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The buck starts here

I have never been a great fan of using charts to predict the future. They do provide an excellent means of seeing what has happened in the past, but such is the plethora of tools to interpret patterns that a confusingly wide range of potential outcomes can be argued.

The one exception, according to those who take technical analysis seriously, is the foreign exchange market.

Pundits are pointing to a change in the fortunes of the dollar, the renminbi has been in demand and sterling has been under increasing pressure. Even the euro has taken something of a tumble as fears of wider economic problems circulate.

It seems that a worldwide reassessment of the value of currencies is taking place. Was this predictable by examining the charts?

It seems that charts could have played a part in the recent weakness of sterling and the euro but in the end it is the fundamental assessment of what is likely to be around the corner that will have the greatest part to play in currency movements.

It all starts with America. On the face of it, the scene was set for an imploding economy. This is the nation where the credit crunch started. House prices have been falling for over two years, consumers are being squeezed by higher fuel and food prices and the twin deficit problem refuses to go away. Yet is the US in recession? Not by any measure.

This unexpected outcome of what would normally have driven even the most robust economy into reverse can be explained by the way in which the US economy has changed.

The massive shift from manufacturing into services that has taken place over the last generation has left the world’s biggest economy far less susceptible to the influences that generate recessionary conditions. Instead, it is the new manufacturing nations, such as China, that are bearing the brunt of the change in the macro-economic climate.

America does make goods still, but even here they have an edge. A weak dollar has created opportunities in export markets. Moreover, the considerable investment they have made in technology has created industries where inventory management is more efficient and labour less important than in other countries. These are two important ingredients in a recessionary mix that may impinge more stringently elsewhere.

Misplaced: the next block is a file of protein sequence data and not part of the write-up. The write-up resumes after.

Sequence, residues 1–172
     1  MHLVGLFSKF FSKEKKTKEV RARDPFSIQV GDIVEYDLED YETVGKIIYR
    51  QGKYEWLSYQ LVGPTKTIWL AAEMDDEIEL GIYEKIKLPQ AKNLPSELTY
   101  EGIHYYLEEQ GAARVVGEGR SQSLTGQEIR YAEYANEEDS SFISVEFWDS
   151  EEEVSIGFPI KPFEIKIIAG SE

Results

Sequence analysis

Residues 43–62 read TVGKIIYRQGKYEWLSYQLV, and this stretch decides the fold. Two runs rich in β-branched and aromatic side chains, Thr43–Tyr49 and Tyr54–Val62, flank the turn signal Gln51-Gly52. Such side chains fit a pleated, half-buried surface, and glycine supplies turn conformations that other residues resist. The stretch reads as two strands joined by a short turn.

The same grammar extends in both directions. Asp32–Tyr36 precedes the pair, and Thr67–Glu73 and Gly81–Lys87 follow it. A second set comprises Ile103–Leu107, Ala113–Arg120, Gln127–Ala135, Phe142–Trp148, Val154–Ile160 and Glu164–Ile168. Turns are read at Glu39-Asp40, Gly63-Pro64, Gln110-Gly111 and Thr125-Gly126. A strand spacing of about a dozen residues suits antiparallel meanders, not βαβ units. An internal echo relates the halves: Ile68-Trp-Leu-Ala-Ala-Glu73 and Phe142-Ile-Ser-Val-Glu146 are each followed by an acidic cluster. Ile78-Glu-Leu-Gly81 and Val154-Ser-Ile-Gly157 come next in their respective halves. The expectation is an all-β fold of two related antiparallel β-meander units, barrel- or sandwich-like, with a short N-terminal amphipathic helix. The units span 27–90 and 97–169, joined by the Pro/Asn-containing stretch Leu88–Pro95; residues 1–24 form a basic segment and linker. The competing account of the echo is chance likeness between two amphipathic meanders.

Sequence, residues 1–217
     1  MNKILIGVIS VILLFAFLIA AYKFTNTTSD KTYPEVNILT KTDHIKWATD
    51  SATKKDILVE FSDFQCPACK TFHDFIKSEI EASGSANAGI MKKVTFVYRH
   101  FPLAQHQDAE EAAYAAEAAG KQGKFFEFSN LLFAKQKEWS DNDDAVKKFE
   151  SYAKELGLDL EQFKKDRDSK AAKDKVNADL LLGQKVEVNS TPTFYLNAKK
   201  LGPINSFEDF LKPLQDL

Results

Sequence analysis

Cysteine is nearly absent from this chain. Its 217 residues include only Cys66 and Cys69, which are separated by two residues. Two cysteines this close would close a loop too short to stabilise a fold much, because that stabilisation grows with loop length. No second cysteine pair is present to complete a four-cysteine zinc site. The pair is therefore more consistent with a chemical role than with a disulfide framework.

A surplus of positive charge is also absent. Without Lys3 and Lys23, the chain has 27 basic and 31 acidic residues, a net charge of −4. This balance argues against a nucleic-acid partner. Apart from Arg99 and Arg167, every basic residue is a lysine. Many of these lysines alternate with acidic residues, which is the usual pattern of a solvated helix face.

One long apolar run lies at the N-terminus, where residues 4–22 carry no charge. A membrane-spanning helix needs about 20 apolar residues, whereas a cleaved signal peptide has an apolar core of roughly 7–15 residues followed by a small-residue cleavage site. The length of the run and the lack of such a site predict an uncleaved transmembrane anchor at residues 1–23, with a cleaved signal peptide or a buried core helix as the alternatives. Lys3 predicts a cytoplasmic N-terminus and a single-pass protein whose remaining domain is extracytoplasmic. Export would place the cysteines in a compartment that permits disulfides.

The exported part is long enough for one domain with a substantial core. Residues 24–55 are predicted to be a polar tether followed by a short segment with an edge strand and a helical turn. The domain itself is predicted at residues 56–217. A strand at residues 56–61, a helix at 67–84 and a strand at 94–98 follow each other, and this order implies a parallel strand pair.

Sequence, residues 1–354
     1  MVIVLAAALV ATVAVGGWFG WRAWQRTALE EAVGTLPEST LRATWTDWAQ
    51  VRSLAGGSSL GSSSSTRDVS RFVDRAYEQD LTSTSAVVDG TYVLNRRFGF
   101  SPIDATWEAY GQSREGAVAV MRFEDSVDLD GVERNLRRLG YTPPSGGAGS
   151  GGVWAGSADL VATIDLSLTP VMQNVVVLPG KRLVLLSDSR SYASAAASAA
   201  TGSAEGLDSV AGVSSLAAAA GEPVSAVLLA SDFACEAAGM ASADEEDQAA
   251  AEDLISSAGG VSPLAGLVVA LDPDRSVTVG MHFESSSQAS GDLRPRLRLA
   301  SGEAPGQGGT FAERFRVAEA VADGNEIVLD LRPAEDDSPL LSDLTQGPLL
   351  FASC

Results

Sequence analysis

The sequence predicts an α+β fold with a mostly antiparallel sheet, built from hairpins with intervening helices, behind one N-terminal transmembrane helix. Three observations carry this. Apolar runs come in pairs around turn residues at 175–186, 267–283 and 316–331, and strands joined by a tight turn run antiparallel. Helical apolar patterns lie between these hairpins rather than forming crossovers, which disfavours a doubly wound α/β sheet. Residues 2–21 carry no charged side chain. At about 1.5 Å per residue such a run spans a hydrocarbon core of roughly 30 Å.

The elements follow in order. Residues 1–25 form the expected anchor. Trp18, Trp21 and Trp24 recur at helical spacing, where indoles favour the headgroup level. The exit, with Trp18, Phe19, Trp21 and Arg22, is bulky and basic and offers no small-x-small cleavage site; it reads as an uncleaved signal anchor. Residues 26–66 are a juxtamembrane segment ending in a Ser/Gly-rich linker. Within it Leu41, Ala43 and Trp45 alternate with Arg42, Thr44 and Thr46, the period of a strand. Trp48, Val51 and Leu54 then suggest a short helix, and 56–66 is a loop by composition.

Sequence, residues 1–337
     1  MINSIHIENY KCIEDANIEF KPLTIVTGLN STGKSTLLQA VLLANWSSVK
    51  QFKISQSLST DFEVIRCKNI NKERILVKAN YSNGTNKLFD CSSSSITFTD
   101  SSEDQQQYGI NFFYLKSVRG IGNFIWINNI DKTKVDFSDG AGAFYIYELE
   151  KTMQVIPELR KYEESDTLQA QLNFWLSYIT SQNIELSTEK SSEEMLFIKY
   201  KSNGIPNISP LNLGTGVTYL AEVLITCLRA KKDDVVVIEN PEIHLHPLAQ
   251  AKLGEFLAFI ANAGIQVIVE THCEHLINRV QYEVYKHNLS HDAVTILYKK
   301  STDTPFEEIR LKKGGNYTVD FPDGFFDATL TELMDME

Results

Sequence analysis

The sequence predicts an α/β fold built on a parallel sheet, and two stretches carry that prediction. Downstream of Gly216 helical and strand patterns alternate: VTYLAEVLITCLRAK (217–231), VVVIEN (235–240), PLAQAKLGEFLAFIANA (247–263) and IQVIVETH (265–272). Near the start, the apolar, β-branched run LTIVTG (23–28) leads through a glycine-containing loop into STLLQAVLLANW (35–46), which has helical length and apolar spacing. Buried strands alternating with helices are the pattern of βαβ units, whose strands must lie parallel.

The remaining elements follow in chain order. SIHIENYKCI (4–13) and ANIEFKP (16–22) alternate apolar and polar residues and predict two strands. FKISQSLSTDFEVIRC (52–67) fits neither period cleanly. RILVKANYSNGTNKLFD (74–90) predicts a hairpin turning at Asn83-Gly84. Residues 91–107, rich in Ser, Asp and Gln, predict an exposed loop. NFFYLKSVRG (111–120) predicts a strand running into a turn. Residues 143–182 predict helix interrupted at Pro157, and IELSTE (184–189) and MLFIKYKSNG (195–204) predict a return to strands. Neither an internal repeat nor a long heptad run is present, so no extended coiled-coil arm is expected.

And elsewhere includes the UK and the eurozone. Here, the charts were delivering worrying signals regarding the relationship between domestic currencies and the dollar. The euro breaching a 200-day moving average on the downside would have been sufficient to set alarm bells ringing in foreign exchange trading rooms by itself. The fact that some downbeat noises emerged from the chairman of the European Central Bank simply underscored the potential for loss.

In the UK, it was not the 200-day moving average that fell to the downward momentum of sterling but the 200-week average. It goes to show just how weak our currency has become. An upward trend of many years standing has now been breached.

But the real concern must be the Bank of England’s gloomy forecast for economic prospects, as outlined in last week’s inflation report. Perhaps the charts are doing no more than reflect the underlying fundamentals.

There is little doubt that our domestic economic prospects appear to have worsened significantly. A weak currency will have its pluses and minuses. Inflation will hardly be helped if we plunge against the dollar but exports should benefit.

Perhaps the biggest plus is that shares may prosper as a consequence, given the very international nature of the businesses that go to make up our leading domestic index. It is, as they say, an ill wind…

Brian Tora ( is principal of the Tora Partnership


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